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The fallacy of using science to assess matters of faith
I believe there is no limit to science's ability to explain every detail of the natural world, from the infinite expanses of the universe down to the smallest subatomic particle. Crossing the line from natural to supernatural, however is where science fails. Many scientists are prone to the fallacy of using the methods of their vocation to attempt to explain, understand, discern, prove and/or disprove matters of faith. The supernatural (acts of God), by definition, is something that operates outside of natural boundaries and patterns. It should be no surprise then, that any scientific inquiry or examination of the supernatural will not yield definitive results.
God is not a celestial vending machine where inputting x will always result in y. A scientific study of prayer, for example, can be expected to be inconclusive. God is a person ,and as such is not inclined to respond in predictable patterns when put to such a frivolous test. In fact, I'd expect Him to purposefully skew the results in such a way to prevent a clear 'scientific' sign of His existence to already hardened skeptics.
Per scripture and personal experience, God usually chooses to obfuscate Himself from hard-hearted unbelievers looking for signs, instead choosing to clearly reveal Himself to those who are willing to humble themselves and have faith. This is something that most people of faith already know. And this faith is a simple choice available to anyone. It's really not a hard concept to understand. He's not willing to put on a circus sideshow of miracles for scoffers and skeptics who would likely not believe them to be miracles anyway, due to their a priori rejection of anything supernatural. They wouldn't believe something miraculous happening in front of their face, due to their presupposition that there has to be some natural explanation for what happened, no matter how spectacular or naturally inexplicable the phenomenon.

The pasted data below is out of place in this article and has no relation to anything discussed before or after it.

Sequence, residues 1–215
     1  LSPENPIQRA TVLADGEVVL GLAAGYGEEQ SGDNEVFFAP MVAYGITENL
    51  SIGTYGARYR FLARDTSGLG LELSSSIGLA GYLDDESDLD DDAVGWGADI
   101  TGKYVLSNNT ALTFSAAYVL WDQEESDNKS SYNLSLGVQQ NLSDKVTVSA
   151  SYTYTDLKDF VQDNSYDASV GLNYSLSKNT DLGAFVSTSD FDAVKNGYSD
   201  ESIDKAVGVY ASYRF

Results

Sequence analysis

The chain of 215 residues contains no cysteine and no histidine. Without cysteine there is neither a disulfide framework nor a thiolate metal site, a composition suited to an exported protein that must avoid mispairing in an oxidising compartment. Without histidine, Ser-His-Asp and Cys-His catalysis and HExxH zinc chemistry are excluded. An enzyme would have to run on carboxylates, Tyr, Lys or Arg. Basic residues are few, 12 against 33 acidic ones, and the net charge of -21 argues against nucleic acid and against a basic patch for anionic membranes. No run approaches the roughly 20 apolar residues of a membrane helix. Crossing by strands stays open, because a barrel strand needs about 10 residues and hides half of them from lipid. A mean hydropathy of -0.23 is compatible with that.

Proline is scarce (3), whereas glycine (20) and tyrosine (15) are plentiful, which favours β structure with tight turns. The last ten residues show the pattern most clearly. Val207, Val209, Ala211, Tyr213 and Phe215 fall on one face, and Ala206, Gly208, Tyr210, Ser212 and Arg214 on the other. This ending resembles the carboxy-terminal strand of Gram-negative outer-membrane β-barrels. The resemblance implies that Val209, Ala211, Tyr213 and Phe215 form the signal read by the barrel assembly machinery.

God could write His name in the striations of a supercell, cause thunder to speak in an audible voice saying that Jesus is the Savior, stop the sun from setting, make the storm stop rotating and then levitate the scientist off of the ground - and the skeptic's response would still be to look for a natural cause of what just happened. Even after careful study, the perpetual skeptic would never let themselves believe it was actually a miracle, no matter how compelling the experience. By the skeptical scientist's criteria, God would have to repeat the miracle again and again with thousands of cameras and instruments recording the event. And then they'd need to process the data and publish a peer-reviewed paper. Why would God do any miracle for someone like that if the response is always going to be one of perpetual skepticism, no matter how fantastic the act?
I have personally witnessed God performing acts that I could not rationally explain away as coincidence after applying reasonable critical thinking to the events. But my testimony, and that of others like me, isn't ever going to be enough for the perpetual skeptic to not dismiss the account as explicable by some natural cause, no matter how incredible. This is purely a result of attempting to constrain the supernatural into natural boundaries of science - boundaries that most prominent scientists are unwilling to think outside of.
It is for this reason that the abundance of contemporary scientists who reject God has not been a fact of any consequence to me when assessing the basis of my own faith in Christ.
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